An interesting feature of the filaments produced in vortices with significant vertical variations in q and A is the roll-up of filaments. Filaments produced in barotropic simulations are usually stable and do not roll up into coherent vortices; this stability has been attributed to the strain/shear flow produced by the polar vortex (e.g., Dritschel 1989; Dritschel et al. 1991; Waugh and Dritschel 1991; Dritschel and Polvani 1992). The roll-up seen in the above simulations indicates that the flow surrounding baroclinic vortices may no longer suppress filament instability at upper levels. We are currently investigating whether this is because of the three-dimensional structure of the filaments or because of vertical variations in the (vortex induced) background strain/shear flow.

6. Discussion

Using a simple multilayer quasigeostrophic model we have examined the three-dimensional characteristics of wave propagation and breaking on the edge of polar vortices, and the dependence of these characteristics on the basic vortex structure.

The linear propagation of waves up the edge of a vortex is sensitive to vertical variations in the PV and in the area of the vortex. There is reduced wave propagation if the PV increases with height (while the area remains constant); this reduction becomes more pronounced with increasing disturbance wavenumber. For vortices with both PV and area varying with height, the variation in propagation is more complicated, but there is generally reduced propagation for greater variations in PV or area. This reduction in upward propagation of edge waves for baroclinic vortices implies that increased forcing amplitudes are required for wave breaking to occur.

The characteristics of the nonlinear evolution, in particular the wave breaking, are also sensitive to variations in the structure of the vortex. For vortices with PV increasing with height (with area constant), the wave breaking in the upper layers is much less than in the case of a barotropic vortex: there is no longer wave breaking for small amplitude forcing and the wave breaking is more vertically confined for large amplitude. When both the PV and area of the vortex increase with height, there is again wave breaking in upper layers for small and large amplitude forcing. However, there is a surprisingly large difference in the characteristics of the wave breaking for vortices with the same (vertically varying) velocity at the vortex edge but differing shape:not only does the vertical extent of the wave breaking vary, but so do the characteristics of the filaments produced by the wave breaking (when q and A both vary, the filaments in upper layers are unstable and roll up into a series of small vortices).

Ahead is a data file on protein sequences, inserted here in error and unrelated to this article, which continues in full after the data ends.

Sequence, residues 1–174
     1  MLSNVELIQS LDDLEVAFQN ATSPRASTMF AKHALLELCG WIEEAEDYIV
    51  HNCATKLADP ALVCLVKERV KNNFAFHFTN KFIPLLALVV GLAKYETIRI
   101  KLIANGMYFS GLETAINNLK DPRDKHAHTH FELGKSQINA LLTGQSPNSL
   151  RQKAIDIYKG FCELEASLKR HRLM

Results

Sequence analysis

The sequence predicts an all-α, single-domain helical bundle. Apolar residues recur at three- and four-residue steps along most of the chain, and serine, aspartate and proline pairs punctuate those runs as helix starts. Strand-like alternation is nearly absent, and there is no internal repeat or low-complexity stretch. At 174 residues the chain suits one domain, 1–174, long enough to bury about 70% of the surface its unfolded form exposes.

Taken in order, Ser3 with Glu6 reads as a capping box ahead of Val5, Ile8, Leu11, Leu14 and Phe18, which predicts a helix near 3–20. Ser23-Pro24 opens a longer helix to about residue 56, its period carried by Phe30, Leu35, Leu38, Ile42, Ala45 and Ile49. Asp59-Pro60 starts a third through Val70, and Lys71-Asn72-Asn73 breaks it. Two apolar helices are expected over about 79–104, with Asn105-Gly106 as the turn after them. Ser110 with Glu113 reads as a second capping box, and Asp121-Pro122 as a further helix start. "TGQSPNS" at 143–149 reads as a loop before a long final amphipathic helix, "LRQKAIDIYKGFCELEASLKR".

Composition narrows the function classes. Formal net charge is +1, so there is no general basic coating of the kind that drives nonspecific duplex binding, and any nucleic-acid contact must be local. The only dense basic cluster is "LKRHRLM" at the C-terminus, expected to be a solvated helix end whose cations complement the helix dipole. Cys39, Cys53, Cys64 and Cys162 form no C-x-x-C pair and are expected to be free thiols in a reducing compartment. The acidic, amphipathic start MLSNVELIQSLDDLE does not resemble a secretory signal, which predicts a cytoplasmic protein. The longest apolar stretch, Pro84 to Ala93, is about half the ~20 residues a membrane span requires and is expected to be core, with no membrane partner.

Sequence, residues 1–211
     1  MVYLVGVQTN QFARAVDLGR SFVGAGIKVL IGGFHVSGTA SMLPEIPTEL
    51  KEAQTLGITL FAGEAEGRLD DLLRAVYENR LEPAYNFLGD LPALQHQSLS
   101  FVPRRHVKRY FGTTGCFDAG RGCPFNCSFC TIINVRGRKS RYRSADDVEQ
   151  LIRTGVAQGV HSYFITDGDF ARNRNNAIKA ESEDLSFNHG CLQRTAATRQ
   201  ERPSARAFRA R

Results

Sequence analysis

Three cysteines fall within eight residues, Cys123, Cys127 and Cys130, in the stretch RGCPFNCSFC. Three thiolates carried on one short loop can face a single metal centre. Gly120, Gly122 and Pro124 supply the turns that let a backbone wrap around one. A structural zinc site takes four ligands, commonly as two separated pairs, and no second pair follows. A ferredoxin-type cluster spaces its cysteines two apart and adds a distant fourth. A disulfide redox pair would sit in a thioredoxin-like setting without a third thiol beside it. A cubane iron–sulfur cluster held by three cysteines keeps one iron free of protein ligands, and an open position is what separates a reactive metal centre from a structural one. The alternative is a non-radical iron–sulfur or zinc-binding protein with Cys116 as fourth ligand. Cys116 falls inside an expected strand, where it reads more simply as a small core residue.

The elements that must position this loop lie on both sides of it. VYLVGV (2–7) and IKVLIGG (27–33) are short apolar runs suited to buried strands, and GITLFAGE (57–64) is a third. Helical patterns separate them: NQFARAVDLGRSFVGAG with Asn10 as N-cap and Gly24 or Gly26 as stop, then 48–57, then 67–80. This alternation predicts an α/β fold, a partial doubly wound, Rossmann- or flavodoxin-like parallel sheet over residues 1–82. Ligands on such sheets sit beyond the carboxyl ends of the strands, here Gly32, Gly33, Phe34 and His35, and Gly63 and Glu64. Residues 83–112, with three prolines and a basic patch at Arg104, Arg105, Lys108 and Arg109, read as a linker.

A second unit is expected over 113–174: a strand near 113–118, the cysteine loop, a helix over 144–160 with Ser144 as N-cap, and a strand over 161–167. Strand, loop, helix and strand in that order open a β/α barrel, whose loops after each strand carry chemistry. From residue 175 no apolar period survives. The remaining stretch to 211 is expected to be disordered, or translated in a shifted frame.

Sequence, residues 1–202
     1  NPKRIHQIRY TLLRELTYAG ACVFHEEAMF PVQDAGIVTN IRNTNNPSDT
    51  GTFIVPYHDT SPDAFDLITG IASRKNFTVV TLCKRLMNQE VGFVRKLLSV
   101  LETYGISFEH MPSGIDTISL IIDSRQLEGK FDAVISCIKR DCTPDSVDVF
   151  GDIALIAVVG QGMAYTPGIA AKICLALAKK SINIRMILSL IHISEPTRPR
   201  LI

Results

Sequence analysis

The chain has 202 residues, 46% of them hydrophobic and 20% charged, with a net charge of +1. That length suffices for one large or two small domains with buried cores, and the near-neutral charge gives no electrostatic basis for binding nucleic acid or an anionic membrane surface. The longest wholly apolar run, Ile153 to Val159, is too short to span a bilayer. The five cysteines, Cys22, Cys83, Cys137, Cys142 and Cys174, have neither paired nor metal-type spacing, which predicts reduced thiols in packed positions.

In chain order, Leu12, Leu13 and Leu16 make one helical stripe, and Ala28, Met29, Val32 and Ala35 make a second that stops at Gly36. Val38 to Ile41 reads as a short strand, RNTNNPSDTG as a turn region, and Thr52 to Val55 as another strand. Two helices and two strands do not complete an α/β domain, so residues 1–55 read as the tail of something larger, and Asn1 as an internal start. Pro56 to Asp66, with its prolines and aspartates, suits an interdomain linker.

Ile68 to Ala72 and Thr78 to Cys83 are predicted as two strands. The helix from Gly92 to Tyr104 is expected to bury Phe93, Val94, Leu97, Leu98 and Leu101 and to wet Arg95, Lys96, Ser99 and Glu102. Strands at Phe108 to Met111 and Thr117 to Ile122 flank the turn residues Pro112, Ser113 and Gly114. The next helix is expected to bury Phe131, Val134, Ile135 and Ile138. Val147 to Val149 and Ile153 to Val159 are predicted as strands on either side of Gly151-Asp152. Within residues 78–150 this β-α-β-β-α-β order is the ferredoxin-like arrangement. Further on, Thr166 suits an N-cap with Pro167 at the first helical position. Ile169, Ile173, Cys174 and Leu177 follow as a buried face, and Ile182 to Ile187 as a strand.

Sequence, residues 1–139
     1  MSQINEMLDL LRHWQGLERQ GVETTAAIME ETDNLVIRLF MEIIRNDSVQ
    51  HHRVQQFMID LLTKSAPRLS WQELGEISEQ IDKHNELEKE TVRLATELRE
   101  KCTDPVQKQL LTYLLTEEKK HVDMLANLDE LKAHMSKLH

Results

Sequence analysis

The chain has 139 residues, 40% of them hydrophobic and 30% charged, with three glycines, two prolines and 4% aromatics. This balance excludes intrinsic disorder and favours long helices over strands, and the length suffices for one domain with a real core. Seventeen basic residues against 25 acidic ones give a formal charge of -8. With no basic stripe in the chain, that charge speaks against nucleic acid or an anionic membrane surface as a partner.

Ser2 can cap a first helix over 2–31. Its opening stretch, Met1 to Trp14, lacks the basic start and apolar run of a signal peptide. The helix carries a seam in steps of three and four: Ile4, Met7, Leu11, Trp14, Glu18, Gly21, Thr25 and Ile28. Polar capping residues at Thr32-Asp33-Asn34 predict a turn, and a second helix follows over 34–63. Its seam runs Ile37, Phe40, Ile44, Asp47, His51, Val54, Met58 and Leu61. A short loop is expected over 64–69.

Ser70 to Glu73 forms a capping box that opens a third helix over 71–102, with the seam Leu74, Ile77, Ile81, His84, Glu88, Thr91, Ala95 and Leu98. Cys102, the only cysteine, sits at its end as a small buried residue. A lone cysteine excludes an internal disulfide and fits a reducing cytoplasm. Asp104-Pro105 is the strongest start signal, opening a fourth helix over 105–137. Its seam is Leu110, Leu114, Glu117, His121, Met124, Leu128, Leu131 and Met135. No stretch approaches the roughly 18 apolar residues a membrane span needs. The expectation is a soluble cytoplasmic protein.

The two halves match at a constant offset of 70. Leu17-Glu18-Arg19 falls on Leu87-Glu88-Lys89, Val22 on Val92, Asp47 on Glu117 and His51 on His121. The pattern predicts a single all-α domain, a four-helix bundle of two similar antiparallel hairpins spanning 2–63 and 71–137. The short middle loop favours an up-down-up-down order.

The simulations presented have shown that the characteristics of wave breaking at edge of vortex vary with the structure of the vortex, and that some vortex structures are more resilient than others (e.g., vortices with increasing PV are more resilient than barotropic vortices). This raises an interesting question; namely, does the polar vortex naturally develop in this way? That is, can the observed seasonal evolution of the vortex structure (see section 3) be related to this change in the characteristics of wave breaking? We may venture that the answer is yes, as one can argue that the shape and structure of the polar vortex are inherently connected with the mechanisms that force and dissipate it (e.g., Butchart and Remsburg 1986; O’Neill and Pope 1993;Peirce et al. 1993). However, the present model needs to be extended to include other processes, such as radiative effects, to fully address this question.

It will be of interest to see if the different characteristics of the wave breaking (e.g, roll-up of filaments and the vertical extent of wave breaking–vortex erosion) are observed to occur in the real stratosphere. One approach to examine this could be to perform multilayer high-resolution trajectory calculations (as in Schoeberl and Newman 1995) for different periods (when the vortex structure is different). Note that such calculations during January 1992 show some indication of filament roll-up in the middle and upper stratosphere [see, e.g., Fig. 15 of Waugh et al. (1994)]. Another approach could be to compare the elliptical diagnostics from the contour dynamics simulations with those derived from analyzed PV (Waugh and Randel 1999), particularly during periods when the observed vortex is highly distorted (e.g., stratospheric warmings).